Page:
Waterfall chart

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This page refers to a 2D floating column diagram showing increases and decreases, for the type of 3D graph representation, see waterfall plot.
A typical waterfall chart

A waterfall chart is a form of data visualization that helps in understanding the cumulative effect of sequentially introduced positive or negative values. The waterfall chart is also known as a flying bricks chart or Mario chart due to the apparent suspension of columns (bricks) in mid-air. Often in finance, it will be referred to as a bridge.

Waterfall charts were popularized by the strategic consulting firm McKinsey & Company in its presentations to clients.[1][2]

Overview[edit]

The waterfall chart is normally used for understanding how an initial value is affected by a series of intermediate positive or negative values. Usually the initial and the final values are represented by whole columns, while the intermediate values are denoted by floating columns. The columns are color-coded for distinguishing between positive and negative values.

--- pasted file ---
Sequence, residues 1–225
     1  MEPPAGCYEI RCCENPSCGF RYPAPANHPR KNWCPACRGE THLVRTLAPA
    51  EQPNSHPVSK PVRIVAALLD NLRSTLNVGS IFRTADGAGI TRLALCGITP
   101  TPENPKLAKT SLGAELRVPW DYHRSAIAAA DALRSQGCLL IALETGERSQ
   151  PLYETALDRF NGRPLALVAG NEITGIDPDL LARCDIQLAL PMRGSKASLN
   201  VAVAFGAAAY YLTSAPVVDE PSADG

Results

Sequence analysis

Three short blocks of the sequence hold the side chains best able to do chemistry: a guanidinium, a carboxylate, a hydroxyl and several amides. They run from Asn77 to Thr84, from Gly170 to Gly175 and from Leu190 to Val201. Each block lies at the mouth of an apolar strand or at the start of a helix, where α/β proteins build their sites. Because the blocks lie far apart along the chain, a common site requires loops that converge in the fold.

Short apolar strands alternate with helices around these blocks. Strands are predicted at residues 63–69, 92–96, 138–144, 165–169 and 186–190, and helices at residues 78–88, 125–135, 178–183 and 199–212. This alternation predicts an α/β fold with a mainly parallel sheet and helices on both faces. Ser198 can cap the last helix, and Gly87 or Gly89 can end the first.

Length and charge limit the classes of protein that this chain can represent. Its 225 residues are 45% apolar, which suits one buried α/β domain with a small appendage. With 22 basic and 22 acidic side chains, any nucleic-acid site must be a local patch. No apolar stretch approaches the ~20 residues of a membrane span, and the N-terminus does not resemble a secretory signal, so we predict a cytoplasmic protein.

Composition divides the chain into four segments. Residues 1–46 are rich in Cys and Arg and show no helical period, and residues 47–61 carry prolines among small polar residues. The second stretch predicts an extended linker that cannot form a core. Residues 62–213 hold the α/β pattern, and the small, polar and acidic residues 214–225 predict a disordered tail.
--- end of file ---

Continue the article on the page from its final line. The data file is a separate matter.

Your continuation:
Applications[edit]

A waterfall chart can be used for analytical purposes, especially for understanding or explaining the gradual transition in the quantitative value of an entity which is subjected to increment or decrement.

A waterfall chart showing profitability analysis.
Waterfall chart showing profitability analysis

Waterfall charts can be used for various types of quantitative analysis, ranging from inventory analysis to performance analysis.

Inventory analysis using waterfall chart
Inventory analysis using waterfall chart

References[edit]

  1. ^ "How to Create a McKinsey-style waterfall chart". Idea transplant. 
  2. ^ Ethan M. Rasiel. The McKinsey Way. McGraw–Hill, 1999.